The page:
ANNOUNCER: 1980: Carter is president, disco lives, and liberal, Marge Roukema goes to Congress. Carter is history, disco is dead, but Roukema is still taxing and spending. (END VIDEO CLIP)


NARRATOR: She supports a Patients' Bill of Rights that allows doctors to make these important decisions, not insurance company bureaucrats.

We need a representative who has the courage to stand up for patients' rights. Marge Roukema, making the right decisions for us.


MESERVE: OK, David, let's get down to dollars, how much are these groups spending in this race?

PEELER: Well, the against group, the Club For Growth, has spent so far -- claims they'll spend about $100,000 between now and June 5. Here is what is interesting, this is a House race, this is the first time that I think we have seen independent expenditure groups really weigh in very heavily.

And in the congressional district like the 5th District in New Jersey, they can make a difference. The RLC, to counter it, and the AMA, on behalf of Roukema has spent in total about $161,000, RLC $100,000 and AMA $61,000. So again, this is a first time that we have seen this much independent expenditure groups spending in support of a congressional seat in any of the districts -- a very unique tactic.

MESERVE: And now let's look at national politics. As Jonathan Karl reported, the Sierra Club is airing radio ads in Nevada to coincide with George W. Bush's visit there. But the environmental group is also targeting the governor's environmental record in other key states with this television ad.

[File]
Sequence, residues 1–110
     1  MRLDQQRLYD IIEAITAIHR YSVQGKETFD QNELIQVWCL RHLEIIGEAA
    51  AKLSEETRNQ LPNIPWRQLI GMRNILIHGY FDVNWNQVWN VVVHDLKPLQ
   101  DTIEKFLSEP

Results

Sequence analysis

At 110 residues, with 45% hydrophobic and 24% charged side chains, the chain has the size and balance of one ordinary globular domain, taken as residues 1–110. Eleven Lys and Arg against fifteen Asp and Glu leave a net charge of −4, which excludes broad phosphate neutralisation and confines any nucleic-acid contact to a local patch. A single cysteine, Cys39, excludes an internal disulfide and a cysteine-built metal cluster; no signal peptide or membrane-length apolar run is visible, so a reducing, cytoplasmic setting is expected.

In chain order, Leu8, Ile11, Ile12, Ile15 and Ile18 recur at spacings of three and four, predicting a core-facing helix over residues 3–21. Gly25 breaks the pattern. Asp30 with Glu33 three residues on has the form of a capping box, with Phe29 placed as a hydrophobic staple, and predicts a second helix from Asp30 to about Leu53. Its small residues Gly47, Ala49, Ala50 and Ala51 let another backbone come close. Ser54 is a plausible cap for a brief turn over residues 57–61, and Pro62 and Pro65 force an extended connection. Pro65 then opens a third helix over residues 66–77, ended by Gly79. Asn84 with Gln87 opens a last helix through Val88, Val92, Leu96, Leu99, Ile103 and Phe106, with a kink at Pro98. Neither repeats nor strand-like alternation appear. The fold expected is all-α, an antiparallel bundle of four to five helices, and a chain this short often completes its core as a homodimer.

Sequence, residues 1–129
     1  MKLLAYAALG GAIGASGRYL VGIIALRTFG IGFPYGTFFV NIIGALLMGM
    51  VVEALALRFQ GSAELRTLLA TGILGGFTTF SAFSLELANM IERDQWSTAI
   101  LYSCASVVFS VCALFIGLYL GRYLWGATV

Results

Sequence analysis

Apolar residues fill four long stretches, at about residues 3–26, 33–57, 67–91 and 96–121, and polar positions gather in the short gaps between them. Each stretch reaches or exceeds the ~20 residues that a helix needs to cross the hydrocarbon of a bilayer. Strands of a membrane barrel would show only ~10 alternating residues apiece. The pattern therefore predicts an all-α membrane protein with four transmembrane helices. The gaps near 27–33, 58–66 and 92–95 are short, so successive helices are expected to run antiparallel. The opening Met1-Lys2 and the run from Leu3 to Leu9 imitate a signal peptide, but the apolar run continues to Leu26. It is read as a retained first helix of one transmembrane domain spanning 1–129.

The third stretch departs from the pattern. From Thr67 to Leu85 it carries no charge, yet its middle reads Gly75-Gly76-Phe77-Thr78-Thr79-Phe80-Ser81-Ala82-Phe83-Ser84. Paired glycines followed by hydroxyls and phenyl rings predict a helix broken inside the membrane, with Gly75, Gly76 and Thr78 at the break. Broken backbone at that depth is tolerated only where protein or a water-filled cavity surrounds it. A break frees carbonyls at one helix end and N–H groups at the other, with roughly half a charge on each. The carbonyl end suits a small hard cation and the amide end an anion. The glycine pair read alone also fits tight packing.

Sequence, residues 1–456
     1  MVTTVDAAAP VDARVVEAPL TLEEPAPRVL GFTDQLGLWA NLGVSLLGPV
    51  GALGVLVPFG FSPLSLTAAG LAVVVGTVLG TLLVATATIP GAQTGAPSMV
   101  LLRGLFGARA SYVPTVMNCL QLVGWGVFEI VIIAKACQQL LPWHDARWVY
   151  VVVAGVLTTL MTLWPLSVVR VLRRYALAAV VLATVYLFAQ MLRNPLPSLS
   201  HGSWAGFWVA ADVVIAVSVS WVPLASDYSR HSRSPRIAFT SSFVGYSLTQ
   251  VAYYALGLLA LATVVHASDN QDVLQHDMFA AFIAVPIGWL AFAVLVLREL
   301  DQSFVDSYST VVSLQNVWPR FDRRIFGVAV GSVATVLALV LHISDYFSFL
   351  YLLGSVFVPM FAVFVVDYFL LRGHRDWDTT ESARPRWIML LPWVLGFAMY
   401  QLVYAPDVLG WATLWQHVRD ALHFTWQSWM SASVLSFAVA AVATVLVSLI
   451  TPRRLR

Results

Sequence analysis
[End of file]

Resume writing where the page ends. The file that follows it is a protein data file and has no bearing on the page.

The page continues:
NARRATOR: Texas has the most industrial air pollution in the nation.

UNIDENTIFIED FEMALE: We are in a crisis situation.

UNIDENTIFIED MALE: We've contacted George Bush's office and he has the attitude that he is not interested.

NARRATOR: Call George Bush, tell him to oppose legislation in Congress that weakens penalties for clean air and water violators, for our families, for our future.


MESERVE: So, David, how much is the Sierra Club spending here?

PEELER: Well, the Sierra Club came out early on and said they were going to spend quite a bit of money, in excess of $8 million against Bush's presidency. What they are doing is employing this very interesting media tactic, as you mentioned, they are going after the governor wherever he intends to appear so that it is brought up in the press and the people ask him the questions.

But even more importantly, they are now spending -- starting to spend money, as you see, about $30,000 in Detroit, $31,000 in Milwaukee, $23,000 in St. Louis, and another $15,000 in Seattle. That's part of their key swing-state strategy. Many of those states are anticipated to be swing states in the November election, so they are starting to raise the issue in those states.

They are getting air time, both paid and non-paid, and they are trying to craft the debate. It is a very, very interesting tactic and I think it's something that we'll see whether the governor chooses to respond to or to ignore. But if he gets out there in the press and they ask him questions about it, he will probably be forced to respond.

MESERVE: David Peeler of Competitive Media Reporting, thanks so much.

PEELER: Thank you, Jan.

MESERVE: And next, national defense as a campaign issue, we'll look at the George W. Bush plan.


MESERVE: Republican presidential hopeful George W. Bush says he favors reducing the nation's nuclear arsenal and as president, Bush would advocate an anti-missile defense system beyond the current Pentagon plans. How does Bush's plan differ from that of the current administration?

To find out, CNN military affairs correspondent Jamie McIntyre takes a closer look at the Bush plan.


MCINTYRE (voice-over): George W. Bush says he's ready to cast off outdated Cold War strategies and have the United States lead by example in cutting its nuclear weapons.